Understanding Your Credit Score

Most Americans don’t know how the credit score works and what factors drive it. There’s also a lot of misconceptions that are passed around; following it might hurt your score. Here, we’ll discuss what impacts your credit score and things you can do to increase your score.

Credit 101 is a series that explores how credit really works. We discuss the basics and debunk common misconceptions (like the idea that you should keep a balance).

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Credit Utilization (High Impact)

Lenders generally don’t want you to have a high credit card balance. The higher your balance, the more difficult it will be for you to pay it off. Keeping a balance on your credit cards might also indicate that you’re unable to pay off your cards.

Note, this credit card balance is based off your monthly statements. If you pay off your credit cards before the statement date, it won’t affect your utilization.

If you’re looking to increase your credit score:

I would recommend that you never carry a balance month-over-month on your credit cards. It’s a common misconception that keeping a balance and paying interest on your credit cards is a good thing — it is never a good idea.

If you have a big transaction coming up or if you use a high percentage of total limit organically, it might make sense to pre-pay your credit cards before your statement to stay in the 0-9% utilization range. It might make sense to pay off your credit cards weekly if you’re trying to rapidly increase your credit score.

Remember, this is a high impact criteria and one of the few that you can immediately address.

Payment History (High Impact)

Lenders want to see that you can make payments on time. This is a good indication of whether you’re likely to make future payments on time.

If you’re looking to increase your credit score:

You should make your payments on time. That might involve setting up auto-pay on your online banking account or pre-paying your credit cards before the statement to make sure you don’t forget.

Derogatory Marks (High Impact)

These include the number of collection accounts, civil judgments, foreclosures, bankruptcies, or tax liens on your credit report. Derogatory marks can easily affect your credit score negatively, so tread carefully.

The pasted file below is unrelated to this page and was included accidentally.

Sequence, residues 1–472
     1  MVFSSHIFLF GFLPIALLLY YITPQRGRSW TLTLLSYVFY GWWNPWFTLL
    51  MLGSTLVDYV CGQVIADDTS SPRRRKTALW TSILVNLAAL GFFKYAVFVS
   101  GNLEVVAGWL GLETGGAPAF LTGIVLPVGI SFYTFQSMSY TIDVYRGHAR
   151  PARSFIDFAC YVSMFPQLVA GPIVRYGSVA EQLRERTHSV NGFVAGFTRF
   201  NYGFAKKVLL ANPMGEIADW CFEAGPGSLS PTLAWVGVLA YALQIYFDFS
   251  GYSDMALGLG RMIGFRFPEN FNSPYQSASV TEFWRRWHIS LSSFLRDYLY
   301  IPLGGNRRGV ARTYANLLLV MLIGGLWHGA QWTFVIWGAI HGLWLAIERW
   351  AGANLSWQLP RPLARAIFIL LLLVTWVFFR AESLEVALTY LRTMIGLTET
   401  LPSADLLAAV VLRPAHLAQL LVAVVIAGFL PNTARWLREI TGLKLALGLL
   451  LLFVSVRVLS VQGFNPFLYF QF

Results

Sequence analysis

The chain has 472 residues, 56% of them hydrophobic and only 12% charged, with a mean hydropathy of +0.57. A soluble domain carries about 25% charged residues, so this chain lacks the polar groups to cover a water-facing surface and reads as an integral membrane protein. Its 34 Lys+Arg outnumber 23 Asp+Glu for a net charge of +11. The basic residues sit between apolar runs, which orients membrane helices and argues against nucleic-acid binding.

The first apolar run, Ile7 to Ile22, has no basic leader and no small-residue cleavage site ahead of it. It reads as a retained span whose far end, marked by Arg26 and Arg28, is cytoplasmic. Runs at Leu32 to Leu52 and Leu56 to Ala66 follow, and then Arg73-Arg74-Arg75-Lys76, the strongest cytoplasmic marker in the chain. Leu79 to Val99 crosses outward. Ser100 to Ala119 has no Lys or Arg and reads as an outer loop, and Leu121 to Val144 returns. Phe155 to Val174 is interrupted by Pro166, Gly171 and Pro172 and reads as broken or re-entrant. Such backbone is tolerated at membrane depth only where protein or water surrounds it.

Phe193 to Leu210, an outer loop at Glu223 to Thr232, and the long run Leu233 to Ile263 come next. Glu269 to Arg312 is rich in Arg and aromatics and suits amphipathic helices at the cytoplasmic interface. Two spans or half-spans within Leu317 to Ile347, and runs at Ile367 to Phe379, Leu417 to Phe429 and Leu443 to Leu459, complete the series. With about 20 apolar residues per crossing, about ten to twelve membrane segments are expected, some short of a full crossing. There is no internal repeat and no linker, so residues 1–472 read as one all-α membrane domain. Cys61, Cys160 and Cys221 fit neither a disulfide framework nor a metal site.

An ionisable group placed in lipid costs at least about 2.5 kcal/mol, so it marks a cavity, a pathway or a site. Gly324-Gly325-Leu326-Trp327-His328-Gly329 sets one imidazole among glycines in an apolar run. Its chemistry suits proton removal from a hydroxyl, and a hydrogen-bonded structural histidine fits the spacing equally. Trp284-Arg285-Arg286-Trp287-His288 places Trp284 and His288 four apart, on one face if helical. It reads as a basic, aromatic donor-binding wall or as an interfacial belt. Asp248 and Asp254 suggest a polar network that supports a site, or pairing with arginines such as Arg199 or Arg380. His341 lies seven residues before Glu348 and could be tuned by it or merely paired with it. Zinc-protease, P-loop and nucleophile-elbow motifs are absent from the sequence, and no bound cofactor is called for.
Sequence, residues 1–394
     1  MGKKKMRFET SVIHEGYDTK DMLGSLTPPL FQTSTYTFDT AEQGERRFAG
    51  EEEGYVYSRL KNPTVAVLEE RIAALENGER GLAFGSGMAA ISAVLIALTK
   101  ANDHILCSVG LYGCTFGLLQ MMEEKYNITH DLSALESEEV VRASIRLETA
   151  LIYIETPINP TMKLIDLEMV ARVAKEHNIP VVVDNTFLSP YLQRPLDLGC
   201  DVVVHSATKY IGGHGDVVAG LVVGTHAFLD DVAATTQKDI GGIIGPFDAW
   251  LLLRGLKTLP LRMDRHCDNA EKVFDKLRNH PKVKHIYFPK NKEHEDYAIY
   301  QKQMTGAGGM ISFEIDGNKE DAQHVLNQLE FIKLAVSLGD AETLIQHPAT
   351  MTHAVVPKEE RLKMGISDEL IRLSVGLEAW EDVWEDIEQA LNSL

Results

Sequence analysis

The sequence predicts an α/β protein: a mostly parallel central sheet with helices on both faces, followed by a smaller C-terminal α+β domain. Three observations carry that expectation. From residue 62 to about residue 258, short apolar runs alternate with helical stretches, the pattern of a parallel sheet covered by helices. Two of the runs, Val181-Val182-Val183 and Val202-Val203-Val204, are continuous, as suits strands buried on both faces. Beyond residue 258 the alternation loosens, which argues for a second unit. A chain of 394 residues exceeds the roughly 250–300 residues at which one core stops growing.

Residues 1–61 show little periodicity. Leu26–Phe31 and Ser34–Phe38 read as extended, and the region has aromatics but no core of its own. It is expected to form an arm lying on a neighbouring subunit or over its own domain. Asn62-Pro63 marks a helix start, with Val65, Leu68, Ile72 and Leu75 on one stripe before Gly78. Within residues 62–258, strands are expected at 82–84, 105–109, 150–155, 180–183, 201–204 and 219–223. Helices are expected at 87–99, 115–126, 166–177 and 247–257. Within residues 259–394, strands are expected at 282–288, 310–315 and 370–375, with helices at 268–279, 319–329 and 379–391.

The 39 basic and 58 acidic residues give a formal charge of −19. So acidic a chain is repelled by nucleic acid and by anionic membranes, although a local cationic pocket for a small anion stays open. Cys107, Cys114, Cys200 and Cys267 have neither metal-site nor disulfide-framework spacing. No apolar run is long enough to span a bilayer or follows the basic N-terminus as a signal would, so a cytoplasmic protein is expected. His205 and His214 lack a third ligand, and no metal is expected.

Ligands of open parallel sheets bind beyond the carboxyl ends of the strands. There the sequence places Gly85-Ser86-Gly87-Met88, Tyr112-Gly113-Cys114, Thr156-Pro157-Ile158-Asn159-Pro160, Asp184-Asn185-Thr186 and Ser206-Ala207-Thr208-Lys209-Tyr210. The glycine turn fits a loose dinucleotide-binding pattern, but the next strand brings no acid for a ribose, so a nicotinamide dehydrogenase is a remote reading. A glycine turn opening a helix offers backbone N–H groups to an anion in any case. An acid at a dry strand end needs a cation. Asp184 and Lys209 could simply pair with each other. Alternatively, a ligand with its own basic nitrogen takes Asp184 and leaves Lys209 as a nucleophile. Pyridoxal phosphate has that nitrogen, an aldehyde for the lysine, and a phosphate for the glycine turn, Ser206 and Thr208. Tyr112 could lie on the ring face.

If you’re looking to increase your credit score:

Make sure that you don’t default on any of your loan products and pay off any debts you owe to the IRS or from a civil judgment.

Age of Credit History (Medium Impact)

Lenders want to know that you’ve been able to manage credit for a long-time.

If you’re looking to increase your credit score:

Don’t close your old credit cards, especially if they don’t have an annual fee. Conventional wisdom says that you should close accounts that you don’t use, but that can dramatically impact your credit score. If your credit card has an annual fee and you don’t really use it, try to do a product change to a card without an annual fee.

Considering average age of accounts, it might make sense to more cards while you’re early in your credit life. For example, let’s say you applied for 1 credit card today and we jumped forward 10 years. If you applied for another credit card at that point, your average age of accounts will drop to 5 years because (10 years + 0 years) / 2 cards = 5 years. If instead you applied to 5 cards right now, and applied for a new card in 10 years time, your average age of credit will only drop to 8.3 years because (10 years * 5 cards + 0 years) / 6 cards = 8.3 years.

Total Accounts (Low Impact)

Lenders like to see that you have several accounts because it shows that you’re responsible with credit and that other lenders have trusted you with credit as well.

If you’re looking to increase your credit score:

You should apply for more credit cards. Again, conventional wisdom (which is very wrong, as we’ve clearly seen) says that the more credit cards you have, the more risky you are. This isn’t the case at all.

Credit Inquiries (Low Impact)

This is the total number of “hard pulls” — things like credit applications — on your credit report. Too many inquiries might suggest that you’re desperate for credit and likely to misuse. It might also indicate that other lenders have been rejecting you.

If you’re looking to increase your credit score:

Apply for credit cards but try to stay in the good of fair range. That means that you should try to have been 1-4 credit applications every 2 years. Remember that this is a low impact category.


Pay off your credit cards, even before the statement is comes (and make sure you’re never late). Don’t default on your loans. Don’t close old credit cards. Apply to 1-4 new credit cards every two years.